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Spirituality in Cancer Care (PDQ®): Supportive care - Patient Information [NCI] - Spirituality and Quality of Life

Spiritual and religious well-being may help improve quality of life.

It is not known for sure how spirituality and religion are related to health. Some studies show that spiritual or religious beliefs and practices create a positive mental attitude that may help a patient feel better and improve the well-being of family caregivers. Spiritual and religious well-being may help improve health and quality of life in the following ways:

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Overview

Communication between clinicians and patients is a multidimensional concept and involves the content of dialogue, the affective component (i.e., what happens emotionally to the physician and patient during the encounter), and nonverbal behaviors. In oncology, communication skills are a key to achieving the important goals of the clinical encounter.[1] These goals include establishing trust and rapport, gathering information from the patient and the patient's family, giving bad news and other information...

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  • Decrease anxiety, depression, anger, and discomfort.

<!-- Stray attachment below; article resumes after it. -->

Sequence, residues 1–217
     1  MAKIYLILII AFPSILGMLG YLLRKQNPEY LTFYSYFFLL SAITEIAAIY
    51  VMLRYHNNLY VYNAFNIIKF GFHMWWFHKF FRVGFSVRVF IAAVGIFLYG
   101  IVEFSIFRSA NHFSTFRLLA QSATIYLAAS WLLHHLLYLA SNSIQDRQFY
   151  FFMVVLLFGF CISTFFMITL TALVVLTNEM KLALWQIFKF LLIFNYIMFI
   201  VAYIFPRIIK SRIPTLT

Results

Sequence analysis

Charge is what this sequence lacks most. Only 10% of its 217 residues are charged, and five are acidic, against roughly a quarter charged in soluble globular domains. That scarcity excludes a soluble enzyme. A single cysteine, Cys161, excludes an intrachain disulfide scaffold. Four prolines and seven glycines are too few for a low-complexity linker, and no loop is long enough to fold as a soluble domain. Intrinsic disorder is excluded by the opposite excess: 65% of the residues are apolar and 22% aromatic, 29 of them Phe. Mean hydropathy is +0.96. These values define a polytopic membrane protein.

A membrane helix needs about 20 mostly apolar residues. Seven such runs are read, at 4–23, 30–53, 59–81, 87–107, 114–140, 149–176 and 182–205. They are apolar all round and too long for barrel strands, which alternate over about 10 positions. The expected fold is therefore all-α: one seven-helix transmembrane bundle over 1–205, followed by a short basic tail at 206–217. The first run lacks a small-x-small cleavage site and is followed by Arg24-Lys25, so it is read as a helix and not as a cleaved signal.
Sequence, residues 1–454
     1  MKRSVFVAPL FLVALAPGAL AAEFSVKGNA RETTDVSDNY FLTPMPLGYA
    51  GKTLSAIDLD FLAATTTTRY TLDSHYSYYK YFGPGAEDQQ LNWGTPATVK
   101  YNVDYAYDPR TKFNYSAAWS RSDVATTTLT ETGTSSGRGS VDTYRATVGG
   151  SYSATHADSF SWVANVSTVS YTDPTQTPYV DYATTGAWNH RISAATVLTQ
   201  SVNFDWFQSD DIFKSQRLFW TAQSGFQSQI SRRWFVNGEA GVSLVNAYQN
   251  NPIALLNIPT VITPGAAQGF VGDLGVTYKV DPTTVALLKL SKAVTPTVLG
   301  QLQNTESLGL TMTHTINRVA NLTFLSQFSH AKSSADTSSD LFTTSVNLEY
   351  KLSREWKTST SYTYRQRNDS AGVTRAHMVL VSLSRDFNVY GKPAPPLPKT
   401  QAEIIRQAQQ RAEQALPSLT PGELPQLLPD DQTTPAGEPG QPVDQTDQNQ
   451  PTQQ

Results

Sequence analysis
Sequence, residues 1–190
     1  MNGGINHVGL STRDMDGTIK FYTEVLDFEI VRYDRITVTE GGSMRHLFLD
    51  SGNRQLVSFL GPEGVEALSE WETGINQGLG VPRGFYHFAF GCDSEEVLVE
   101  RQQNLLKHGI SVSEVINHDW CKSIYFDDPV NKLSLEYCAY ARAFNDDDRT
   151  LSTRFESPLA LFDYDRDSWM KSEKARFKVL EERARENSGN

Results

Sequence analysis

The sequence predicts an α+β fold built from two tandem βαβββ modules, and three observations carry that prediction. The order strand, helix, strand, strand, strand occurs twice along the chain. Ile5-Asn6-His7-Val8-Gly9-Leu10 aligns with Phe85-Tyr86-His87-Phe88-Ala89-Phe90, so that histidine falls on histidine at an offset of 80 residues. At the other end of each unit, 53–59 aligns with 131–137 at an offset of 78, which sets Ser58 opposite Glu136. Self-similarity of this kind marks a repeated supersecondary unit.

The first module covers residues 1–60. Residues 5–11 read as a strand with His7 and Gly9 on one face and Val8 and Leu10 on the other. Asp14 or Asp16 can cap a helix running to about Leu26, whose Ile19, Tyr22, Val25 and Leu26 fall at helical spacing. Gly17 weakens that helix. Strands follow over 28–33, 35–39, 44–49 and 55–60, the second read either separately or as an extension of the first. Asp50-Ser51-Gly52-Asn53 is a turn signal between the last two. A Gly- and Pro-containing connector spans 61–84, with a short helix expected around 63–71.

• Decrease the sense of isolation (feeling alone) and the risk of suicide.
  • Decrease alcohol and drug abuse.
  • Lower blood pressure and the risk of heart disease.
  • Help the patient adjust to the effects of cancer and its treatment.
  • Increase the ability to enjoy life during cancer treatment.
  • Give a feeling of personal growth as a result of living with cancer.
  • Increase positive feelings, including:
    • Hope and optimism.
    • Freedom from regret.
    • Satisfaction with life.
    • A sense of inner peace.

Spiritual and religious well-being may also help a patient live longer.

Spiritual distress may also affect health.

Spiritual distress may make it harder for patients to cope with cancer and cancer treatment. Health care providers may encourage patients to meet with experienced spiritual or religious leaders to help deal with their spiritual issues. This may improve their health, quality of life, and ability to cope.

    This information is produced and provided by the National Cancer Institute (NCI). The information in this topic may have changed since it was written. For the most current information, contact the National Cancer Institute via the Internet web site at http:// cancer .gov or call 1-800-4-CANCER.

    WebMD Public Information from the National Cancer Institute

    Last Updated: September 04, 2014
    This information is not intended to replace the advice of a doctor. Healthwise disclaims any liability for the decisions you make based on this information.
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